France, Russia reject US Iraq draft

US efforts to push through a new UN draft resolution on Iraq received a setback on Friday with France and Russia dismissing it.

    The UN Security Council is divided over the US resolution

    Both France and Russia said they were not satisfied with the new draft, which if passed would pave the way for other countries to pump in troops and money to rebuild Iraq.

    "Our first impression is that our concerns are only reflected in this revised project in a very limited measure and that this revised project does not incorporate the change in approach that we are advocating," French Foreign Ministry spokesman Herve Ladsous said.

    Ladsous reiterated the French position that a provisional Iraqi government be established as soon as possible and that it be gradually empowered with executive powers under UN supervision.

    Russian criticism

    Russia too voiced its opposition to the new draft resolution, though it expressed willingness in striking a compromise with Washington.

    "We are not satisfied with the draft by our American partners, though they are trying to find a compromise," Russian President Vladimir Putin told an audience at a World Economic Forum meet in Moscow.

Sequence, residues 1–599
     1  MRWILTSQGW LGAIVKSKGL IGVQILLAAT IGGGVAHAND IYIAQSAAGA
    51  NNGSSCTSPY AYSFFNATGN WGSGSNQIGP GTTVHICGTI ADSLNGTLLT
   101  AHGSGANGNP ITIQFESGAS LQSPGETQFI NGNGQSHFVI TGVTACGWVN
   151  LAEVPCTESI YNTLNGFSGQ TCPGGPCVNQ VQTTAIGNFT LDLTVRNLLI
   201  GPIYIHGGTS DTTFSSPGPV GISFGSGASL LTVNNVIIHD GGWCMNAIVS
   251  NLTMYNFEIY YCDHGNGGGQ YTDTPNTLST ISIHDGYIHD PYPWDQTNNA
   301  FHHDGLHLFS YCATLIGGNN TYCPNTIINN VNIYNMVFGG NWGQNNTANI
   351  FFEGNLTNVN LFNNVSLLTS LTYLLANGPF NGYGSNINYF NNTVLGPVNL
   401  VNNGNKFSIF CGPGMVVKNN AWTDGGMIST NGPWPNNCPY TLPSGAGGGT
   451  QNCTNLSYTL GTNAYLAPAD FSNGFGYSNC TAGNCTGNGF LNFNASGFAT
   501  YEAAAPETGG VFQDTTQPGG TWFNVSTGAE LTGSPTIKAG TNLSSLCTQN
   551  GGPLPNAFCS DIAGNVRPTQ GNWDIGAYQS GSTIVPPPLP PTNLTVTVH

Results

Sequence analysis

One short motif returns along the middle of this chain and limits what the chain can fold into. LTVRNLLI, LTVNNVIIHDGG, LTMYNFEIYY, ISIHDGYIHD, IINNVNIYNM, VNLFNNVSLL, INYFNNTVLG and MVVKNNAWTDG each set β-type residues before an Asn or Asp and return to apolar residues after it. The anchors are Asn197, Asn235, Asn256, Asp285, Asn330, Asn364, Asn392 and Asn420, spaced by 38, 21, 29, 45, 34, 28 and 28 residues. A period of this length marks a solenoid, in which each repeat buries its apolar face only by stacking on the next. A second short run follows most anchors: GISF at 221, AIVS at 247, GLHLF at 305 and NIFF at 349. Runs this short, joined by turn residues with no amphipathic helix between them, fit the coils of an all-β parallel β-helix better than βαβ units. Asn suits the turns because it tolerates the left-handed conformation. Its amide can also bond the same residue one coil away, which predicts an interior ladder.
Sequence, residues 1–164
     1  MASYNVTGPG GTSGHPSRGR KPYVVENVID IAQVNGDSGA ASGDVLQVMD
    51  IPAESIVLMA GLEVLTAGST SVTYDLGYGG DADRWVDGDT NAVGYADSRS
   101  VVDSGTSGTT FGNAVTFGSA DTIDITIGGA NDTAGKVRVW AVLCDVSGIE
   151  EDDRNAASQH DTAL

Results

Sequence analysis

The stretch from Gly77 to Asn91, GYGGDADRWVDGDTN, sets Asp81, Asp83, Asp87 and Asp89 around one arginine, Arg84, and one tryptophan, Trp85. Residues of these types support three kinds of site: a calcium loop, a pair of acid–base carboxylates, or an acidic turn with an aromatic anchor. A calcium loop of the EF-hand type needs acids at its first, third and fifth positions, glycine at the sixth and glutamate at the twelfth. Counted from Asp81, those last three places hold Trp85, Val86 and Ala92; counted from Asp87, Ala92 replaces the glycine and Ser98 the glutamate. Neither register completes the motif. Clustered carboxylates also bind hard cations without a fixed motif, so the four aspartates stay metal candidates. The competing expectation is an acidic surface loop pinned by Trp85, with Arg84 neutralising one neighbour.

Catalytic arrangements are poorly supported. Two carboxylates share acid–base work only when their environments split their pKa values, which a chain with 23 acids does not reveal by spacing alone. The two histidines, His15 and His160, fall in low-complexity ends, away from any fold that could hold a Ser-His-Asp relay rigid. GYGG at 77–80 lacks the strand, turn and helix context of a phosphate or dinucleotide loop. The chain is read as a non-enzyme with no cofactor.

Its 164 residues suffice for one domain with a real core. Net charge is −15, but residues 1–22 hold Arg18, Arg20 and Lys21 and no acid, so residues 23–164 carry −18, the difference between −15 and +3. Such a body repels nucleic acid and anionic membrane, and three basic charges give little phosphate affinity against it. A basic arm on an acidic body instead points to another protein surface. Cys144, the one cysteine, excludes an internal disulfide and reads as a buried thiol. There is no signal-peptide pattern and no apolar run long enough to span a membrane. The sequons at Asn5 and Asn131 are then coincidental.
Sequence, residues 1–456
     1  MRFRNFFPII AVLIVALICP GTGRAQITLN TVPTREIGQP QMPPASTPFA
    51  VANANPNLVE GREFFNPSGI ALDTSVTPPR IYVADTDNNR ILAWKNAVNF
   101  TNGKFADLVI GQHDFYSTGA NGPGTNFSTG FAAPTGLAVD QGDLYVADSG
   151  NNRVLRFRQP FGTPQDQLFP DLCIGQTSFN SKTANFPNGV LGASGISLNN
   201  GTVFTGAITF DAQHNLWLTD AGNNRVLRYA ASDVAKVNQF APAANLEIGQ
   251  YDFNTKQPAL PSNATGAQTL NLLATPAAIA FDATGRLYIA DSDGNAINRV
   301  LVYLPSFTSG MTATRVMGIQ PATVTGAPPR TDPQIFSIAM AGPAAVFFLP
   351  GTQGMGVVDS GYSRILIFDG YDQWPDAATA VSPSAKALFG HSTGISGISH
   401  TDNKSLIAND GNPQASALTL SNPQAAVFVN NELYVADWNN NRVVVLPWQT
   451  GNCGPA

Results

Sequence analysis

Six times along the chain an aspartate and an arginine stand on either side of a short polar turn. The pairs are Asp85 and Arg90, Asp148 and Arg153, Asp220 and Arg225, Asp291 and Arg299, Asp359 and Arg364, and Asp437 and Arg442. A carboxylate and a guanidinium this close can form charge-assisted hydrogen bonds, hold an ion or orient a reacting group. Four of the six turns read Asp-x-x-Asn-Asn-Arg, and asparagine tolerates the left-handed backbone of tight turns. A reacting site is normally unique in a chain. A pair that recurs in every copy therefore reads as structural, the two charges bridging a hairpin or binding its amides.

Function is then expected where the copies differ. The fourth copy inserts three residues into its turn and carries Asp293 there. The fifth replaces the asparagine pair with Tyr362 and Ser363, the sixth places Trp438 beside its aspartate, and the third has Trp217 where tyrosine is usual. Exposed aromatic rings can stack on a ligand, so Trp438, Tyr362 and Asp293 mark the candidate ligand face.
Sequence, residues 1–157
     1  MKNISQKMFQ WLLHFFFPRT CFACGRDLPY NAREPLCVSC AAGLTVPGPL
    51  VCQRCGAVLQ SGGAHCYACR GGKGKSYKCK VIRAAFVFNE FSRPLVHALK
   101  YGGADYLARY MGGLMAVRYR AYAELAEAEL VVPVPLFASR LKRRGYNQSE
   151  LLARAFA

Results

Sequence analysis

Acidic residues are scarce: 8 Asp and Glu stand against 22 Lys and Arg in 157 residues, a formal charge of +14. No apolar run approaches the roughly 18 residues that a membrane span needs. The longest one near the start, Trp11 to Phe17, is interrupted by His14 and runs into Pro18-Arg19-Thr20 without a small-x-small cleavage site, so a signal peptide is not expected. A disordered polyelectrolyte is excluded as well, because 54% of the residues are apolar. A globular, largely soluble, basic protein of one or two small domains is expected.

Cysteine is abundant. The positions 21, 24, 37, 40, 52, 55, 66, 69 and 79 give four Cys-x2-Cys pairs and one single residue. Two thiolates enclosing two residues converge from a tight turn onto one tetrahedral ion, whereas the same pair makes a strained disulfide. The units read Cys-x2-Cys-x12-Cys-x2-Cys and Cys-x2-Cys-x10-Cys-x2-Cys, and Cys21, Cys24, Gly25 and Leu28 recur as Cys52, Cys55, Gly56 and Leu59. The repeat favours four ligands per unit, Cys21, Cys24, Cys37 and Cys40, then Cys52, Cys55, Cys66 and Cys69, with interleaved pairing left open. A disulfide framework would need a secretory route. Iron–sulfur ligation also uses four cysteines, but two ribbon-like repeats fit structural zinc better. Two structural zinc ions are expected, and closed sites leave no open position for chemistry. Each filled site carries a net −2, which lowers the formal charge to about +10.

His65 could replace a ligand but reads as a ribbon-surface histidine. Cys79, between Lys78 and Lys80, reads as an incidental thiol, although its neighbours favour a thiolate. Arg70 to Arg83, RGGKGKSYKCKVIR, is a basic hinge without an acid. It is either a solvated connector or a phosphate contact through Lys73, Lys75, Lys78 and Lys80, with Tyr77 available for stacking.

"We are not satisfied with the draft by our American partners, though they are trying to find a compromise"

    Vlamidir Putin
    Russian President


    "I believe that if we are guided by these principles we can expect to find such a compromise," he said.

    Putin stressed that the UN Security Council resolution "must give the international community greater possibility for taking part in the rebirth of Iraq."

    The Russian president  also took a dig at the US, hinting without mentioning names that the Iraqis trusted Russians more than the Americans.

    "The population of Iraq has greater trust in its traditional partners that in those who currently control the situation there," he said.

    Opposed to the war, Russia together with France and Germany now wants a speedy transfer of power in Iraq to a properly elected Iraqi authority.

    But  with Washington reluctant to loosen its grip, differences are yet to be bridged.

    SOURCE: Agencies


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